The phrase “supply side” usually calls up visions of Ronald Reagan and the Laffer curve. That’s because it typically refers to supply-side economic theory, which argues that the way to promote production and economic growth is to cut marginal tax rates, especially the higher ones on upper incomes.
I’m not an economist, but I’d argue that there’s a second version of supply-side thinking at work in Washington these days. On a number of social programs, Republicans are trying to reduce the supply of federal dollars on the theory that the aid has driven up prices far faster than ordinary inflation.
The latest example is student financial aid. Democrats and Republicans have been tussling over a temporary extension of a 2007 law that cut the interest rate on subsidized Stafford loans. Both sides agree that the current rate -- 3.4% -- should be maintained for another year instead of letting it rise back to 6.8%. The battle is over how to offset the $6-billion cost.
The backdrop to this debate, however, is the House Republican budget proposal for the coming fiscal year. There, Budget Committee Chairman Paul D. Ryan (R-Wis.) argued that federal subsidies for education weren’t making college more affordable -- they were driving up its cost.
Here’s an excerpt from Ryan’s “The Path to Prosperity,” which explains the reasoning behind the budget proposal:
While financial aid is intended to make college more affordable, there is growing evidence that it has had the opposite effect. Economists such as Richard Vedder point out that the decisions of colleges and universities to raise their prices would have been constrained if the federal government had not stepped in so often to subsidize rising tuitions.
This line of thinking is actually known as “Bennett’s hypothesis,” a reference to former Education Secretary William Bennett, who complained in 1977 that federal aid enabled universities “blithely to raise their tuitions.” It’s disputed, but there is some evidence to support it. For example, a study this year by Stephanie Riegg Cellini and Claudia Goldin found strong evidence that federal aid led to higher tuition at for-profit colleges. And Andrew Gillen, research director at the Center for College Affordability and Productivity, released a report in February arguing that there is a link between tuition increases and education subsidies for middle-class and wealthy families (e.g., tuition tax credits).
I’m not going to take sides in that debate. I would note, however, that Gillen’s report contends that there is no connection between Pell grants (which go to lower-income students) and higher tuition. And the House budget proposal would roll back Pell grants rather than tuition tax credits.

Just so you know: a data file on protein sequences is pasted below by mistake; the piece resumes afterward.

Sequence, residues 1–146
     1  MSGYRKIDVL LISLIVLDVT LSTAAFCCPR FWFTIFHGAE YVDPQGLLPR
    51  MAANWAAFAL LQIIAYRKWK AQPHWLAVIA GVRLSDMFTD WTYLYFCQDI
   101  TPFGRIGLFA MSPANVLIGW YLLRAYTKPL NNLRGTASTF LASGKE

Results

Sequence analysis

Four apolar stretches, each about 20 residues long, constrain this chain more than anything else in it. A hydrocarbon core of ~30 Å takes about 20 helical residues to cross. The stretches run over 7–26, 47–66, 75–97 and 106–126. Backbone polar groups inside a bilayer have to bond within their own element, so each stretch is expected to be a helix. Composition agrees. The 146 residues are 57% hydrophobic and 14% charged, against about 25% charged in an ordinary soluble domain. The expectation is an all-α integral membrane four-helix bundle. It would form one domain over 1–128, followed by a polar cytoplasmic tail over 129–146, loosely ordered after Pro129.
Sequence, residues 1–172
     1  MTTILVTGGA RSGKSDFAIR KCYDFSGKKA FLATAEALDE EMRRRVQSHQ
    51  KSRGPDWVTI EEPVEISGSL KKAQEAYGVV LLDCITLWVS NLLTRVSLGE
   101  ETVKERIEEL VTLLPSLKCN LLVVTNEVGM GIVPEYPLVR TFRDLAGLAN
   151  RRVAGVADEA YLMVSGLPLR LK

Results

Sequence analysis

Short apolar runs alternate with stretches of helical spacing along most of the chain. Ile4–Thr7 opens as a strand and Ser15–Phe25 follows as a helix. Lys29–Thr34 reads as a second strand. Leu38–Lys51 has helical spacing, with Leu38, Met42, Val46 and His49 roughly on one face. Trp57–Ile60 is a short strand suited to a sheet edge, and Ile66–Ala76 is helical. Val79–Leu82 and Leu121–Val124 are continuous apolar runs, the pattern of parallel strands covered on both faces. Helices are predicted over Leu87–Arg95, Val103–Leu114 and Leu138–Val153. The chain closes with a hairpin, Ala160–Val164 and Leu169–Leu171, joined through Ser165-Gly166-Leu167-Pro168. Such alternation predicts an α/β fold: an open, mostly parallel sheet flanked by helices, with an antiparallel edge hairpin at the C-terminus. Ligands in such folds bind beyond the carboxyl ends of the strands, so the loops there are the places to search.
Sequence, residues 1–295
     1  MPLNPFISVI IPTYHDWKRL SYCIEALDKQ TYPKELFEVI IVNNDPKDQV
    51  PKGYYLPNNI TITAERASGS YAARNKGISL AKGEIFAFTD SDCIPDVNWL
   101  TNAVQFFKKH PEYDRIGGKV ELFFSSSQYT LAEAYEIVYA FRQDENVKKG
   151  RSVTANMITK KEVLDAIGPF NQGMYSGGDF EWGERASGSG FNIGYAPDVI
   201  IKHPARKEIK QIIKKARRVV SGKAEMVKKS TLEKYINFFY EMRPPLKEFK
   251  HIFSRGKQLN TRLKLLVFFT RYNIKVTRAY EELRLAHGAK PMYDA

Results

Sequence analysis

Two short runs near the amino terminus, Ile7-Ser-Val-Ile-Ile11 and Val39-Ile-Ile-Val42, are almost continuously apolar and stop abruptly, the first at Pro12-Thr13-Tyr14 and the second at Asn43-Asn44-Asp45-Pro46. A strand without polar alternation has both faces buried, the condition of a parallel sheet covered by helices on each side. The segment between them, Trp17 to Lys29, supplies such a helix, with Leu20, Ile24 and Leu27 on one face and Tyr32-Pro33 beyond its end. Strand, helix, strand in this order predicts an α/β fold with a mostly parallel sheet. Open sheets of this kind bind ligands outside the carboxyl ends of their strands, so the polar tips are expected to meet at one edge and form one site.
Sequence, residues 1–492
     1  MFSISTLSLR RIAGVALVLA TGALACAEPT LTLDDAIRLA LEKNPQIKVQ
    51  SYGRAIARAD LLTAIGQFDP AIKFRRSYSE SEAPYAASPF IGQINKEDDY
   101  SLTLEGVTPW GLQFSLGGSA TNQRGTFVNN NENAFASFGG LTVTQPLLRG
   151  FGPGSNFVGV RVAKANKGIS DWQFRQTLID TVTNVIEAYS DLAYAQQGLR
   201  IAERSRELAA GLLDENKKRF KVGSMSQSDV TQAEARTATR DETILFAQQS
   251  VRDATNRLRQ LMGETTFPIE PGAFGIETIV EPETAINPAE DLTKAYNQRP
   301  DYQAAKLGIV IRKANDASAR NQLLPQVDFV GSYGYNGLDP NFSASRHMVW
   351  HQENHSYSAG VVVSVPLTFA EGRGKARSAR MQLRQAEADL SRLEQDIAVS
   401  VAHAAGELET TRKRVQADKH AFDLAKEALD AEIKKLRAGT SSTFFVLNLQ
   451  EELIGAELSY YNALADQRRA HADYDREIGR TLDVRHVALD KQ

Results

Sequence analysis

A second illlustration of the new type of supply-side thinking is in Medicare. Starting with Ryan’s budget proposal last year and continuing this year, Republicans have been trying to make the case that healthcare costs are rising in part because of the open-ended supply of federal dollars. By switching to a “premium support” system that provides a limited subsidy for health coverage, proponents argue, seniors will be more sensitive to the cost of insurance and the underlying cost of care.
Again, from this year’s “The Path to Prosperity":
Medicare subsidizes coverage for seniors to ensure that coverage is affordable. Affordability is a critical goal, but the subsidy structure of Medicare is fundamentally broken and drives costs in the wrong direction. The open-ended, blank-check nature of the Medicare subsidy drives health care inflation at an astonishing pace, threatens the solvency of this critical program, and creates inexcusable levels of waste in the system.
I won’t get into the pros and cons of premium support either, other than to note that The Times’ editorial board has praised the version proposed by Ryan with Sen. Ron Wyden (D-Ore.) The version in the House budget plan differs from the Wyden-Ryan proposal in a couple of notable ways, including setting a lower cap on the rate of growth in Medicare spending.
This alternate supply-side focus doesn’t come at the expense of the more traditional iteration, which many, if not most, Republicans on Capitol Hill adhere to. It’s not hard to find a Republican member of Congress who’ll argue that tax cuts would increase federal revenues by spurring economic growth. My point here is just that a pattern is emerging in how some influential Republicans look at benefit programs, and it focuses on the allegedly deleterious effects of supplying more federal dollars.